The objective here is to provide some helpful observations on an important planning topic. What about future college expenses? Should we save for these? If so, when should we start? What is the best way? Are there tax benefits?
People feel differently about this challenge. Some parents tackle it from the get-go, regularly socking away and investing modest sums that over time, ultimately grow into a capital base that gives their kid a huge wake-up in a world where the gap between the haves and the have not’s is forever widened. Other parents choose not to sweat the future challenges that will pop up after their child’s minority status comes to an end. They just bet that their kid perhaps with a little help will figure things out when the challenges of adulthood surface.
Along the way, we’re going to look at how each of those challenges impact John and Sue Rogers. They’re both in their mid 30s. They’ve been married 5 years. John is rising as a civil engineer employed by a reputable firm. Sue sells luxury homes and loves to dabble in real estate. They have a 2-year-old daughter, Audrey, and are expecting their second child, a boy to be name Judd who is due to arrive in 6 weeks.
Should parents who want their kids to go to college be concerned about future college costs? Absolutely. In fact, the word “concerned” is too weak for many. Fear may be a more appropriate term. Unless you have money to burn, the numbers can be downright scary. Over the past 25 years, average tuition hikes have outpaced by more than 3 times the growth in median family incomes, and all indicators suggest that the pace of future increases are just going to get worse.
Average and state tuition at public schools topped $7,000 last year, up 6.5% from the previous year. Average out-of-state public tuition was about $18,500 a year, up 6.2% from the prior year. And average private school tuition costs was about $26,000; that was an increase of 4.4% over the prior year. When room, board, and incidental are thrown in, a four-year in-state ride today can easily top $60,000 and private college price tags are often north of $130,000. And that’s today. For a real scare, just go online and Google future college costs. Select one of the many college cost calculators that are online then punch in your kid’s age the present cost of the school you would like your kid to attend and a growth range of 5% to 8% depending on how gung-ho you are about the future. Then sit back, watch, and hold your hand, big 6-figure numbers likely will pop up for each of your children. So to start saving very early usually is very wise. For nearly all parents, their cost can’t possibly be squeezed out of their incomes during the actual college years. Their incomes just start barging off.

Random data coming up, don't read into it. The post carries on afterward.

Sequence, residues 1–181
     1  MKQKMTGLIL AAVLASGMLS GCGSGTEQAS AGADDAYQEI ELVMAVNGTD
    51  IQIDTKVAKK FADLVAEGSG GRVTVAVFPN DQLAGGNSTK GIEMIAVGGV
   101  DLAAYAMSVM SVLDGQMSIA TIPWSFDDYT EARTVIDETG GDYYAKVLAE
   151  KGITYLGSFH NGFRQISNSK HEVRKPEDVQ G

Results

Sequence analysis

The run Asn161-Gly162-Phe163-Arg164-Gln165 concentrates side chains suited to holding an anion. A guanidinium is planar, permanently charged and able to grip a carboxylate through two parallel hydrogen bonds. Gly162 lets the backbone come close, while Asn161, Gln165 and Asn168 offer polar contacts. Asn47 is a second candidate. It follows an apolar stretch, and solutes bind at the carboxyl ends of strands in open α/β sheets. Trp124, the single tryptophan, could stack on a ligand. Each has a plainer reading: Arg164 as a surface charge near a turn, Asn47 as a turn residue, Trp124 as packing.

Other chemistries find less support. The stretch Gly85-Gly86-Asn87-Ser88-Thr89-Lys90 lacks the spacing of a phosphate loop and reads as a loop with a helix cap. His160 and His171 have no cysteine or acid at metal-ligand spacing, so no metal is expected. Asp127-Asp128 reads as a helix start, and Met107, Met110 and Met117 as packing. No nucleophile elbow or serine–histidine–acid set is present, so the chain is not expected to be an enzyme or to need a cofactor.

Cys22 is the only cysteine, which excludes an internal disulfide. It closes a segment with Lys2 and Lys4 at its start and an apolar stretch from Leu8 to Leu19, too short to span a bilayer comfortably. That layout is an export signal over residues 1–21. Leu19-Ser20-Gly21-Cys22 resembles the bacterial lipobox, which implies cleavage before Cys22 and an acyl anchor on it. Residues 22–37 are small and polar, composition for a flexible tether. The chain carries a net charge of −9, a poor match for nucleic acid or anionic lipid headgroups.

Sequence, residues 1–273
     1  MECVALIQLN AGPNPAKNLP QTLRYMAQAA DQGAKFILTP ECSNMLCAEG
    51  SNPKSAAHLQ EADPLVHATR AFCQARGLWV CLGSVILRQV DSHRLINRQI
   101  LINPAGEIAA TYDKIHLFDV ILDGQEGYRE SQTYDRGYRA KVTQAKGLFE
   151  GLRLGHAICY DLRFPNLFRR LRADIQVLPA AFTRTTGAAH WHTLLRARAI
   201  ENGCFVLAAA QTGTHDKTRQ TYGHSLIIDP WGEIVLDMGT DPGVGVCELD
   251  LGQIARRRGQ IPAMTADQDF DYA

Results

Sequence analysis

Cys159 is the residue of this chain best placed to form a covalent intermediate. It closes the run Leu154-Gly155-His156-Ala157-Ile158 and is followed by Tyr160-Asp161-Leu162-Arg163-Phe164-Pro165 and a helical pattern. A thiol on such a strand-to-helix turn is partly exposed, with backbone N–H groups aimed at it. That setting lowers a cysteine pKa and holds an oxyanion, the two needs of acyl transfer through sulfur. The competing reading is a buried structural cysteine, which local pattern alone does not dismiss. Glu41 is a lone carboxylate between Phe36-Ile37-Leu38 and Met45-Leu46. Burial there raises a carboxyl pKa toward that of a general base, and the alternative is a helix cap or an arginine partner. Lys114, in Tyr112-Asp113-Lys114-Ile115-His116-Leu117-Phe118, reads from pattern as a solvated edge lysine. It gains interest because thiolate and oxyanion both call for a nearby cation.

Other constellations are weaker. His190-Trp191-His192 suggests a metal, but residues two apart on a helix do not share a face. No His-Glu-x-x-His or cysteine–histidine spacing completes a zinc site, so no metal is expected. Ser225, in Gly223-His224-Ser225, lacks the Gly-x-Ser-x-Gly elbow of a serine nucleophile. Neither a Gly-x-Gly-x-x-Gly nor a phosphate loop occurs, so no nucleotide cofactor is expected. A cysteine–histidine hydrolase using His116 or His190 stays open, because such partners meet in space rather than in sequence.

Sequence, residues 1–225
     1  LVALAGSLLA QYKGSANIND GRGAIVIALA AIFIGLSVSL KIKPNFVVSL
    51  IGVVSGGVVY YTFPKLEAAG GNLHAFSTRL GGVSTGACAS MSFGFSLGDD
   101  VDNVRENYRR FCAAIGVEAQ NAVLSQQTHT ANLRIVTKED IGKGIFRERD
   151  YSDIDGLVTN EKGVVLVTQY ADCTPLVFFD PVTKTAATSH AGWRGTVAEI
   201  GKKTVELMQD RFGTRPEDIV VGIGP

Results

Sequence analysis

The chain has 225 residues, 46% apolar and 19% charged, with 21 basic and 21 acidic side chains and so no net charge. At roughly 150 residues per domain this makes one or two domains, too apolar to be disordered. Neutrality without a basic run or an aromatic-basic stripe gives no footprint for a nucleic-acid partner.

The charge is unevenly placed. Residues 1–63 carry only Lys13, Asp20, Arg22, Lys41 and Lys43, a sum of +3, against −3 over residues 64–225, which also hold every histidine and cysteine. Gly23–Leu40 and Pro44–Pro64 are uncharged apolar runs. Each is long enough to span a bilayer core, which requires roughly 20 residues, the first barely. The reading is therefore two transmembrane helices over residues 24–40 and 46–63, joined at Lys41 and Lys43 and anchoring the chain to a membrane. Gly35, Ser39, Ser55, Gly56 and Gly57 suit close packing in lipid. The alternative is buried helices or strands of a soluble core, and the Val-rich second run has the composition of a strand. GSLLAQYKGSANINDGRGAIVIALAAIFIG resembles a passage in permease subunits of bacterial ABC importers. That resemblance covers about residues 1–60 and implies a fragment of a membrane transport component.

How about loans that are paid off after the schooling ends? They’re an option, but who can really tell what will be available at the time when your kid’s ready to go to school and what those loans will cost, plus those loans may end up crippling retirement dreams for the parents and getting started dreams for the kids. There’s simply no denying that early planning can help everyone big time on this one. Early planning makes time a big ally, not the enemy.
John and Sue, for example, estimate that at today’s rates, the cost of their 2-year-old’s 4-year college education, that’s Audrey’s education, would be about $60,000 based on the type of school they would like Audrey to attend. If that total cost escalates, at an annual clip of about 5% which is a reasonably conservative assumption, the price tag of Audrey’s education would exceed $130,000, spread out over 4 years by the time Audrey enters her freshman year 16 years out. If John and Sue begin an investment program for Audrey now, at a monthly savings rate of $200, increase that savings rate by 5% each year and earned an annual 7% yield on the investment capital, they would save enough to fully cover Audrey’s $130,000 4-year education. All bills would be fully paid off by the time Audrey accepts her diploma.
A smart plan funded over a long time can do wonders. John and Sue are determined to implement a program now. To start salting away and investing money for their kid’s education and a periodically increase the monthly amount as their incomes grow. Plus, because they are passionate about their real estate investing activities, they hope to build some serious wealth over time through their real estate investments and would like to share any of that growing equity wealth with their kids through family-limited partnerships. John and Sue were on both general partner units and the limited partner units, and as the general partners, they would always be in control.
But periodically, they would transfer limited partnership units to trusts for their kids as the value of the real estate investments grow and the partnership, the partnership units owned by the parents will grow in value as will the limited partnership units own by the kid’s trusts. If all plays out as hoped, the kid’s trusts will end up with some serious capital that beyond college funding needs may help the kids with first home purchases and other getting-started challenges. It’s ambitious planning, but many have made it happen.
To accomplish these goals, John and Sue would need to structure a smart vehicle for each child that will do the job that will clearly show that the kid’s funds really are separate from the other family assets and that will encourage grandparents, uncles, aunts, and others to perhaps join in. To this end, John and Sue intend to suggest to other family members that they spend less on plastic toys and other stuff, and birthdays and holidays, and instead, kick the difference into the kid’s college funds.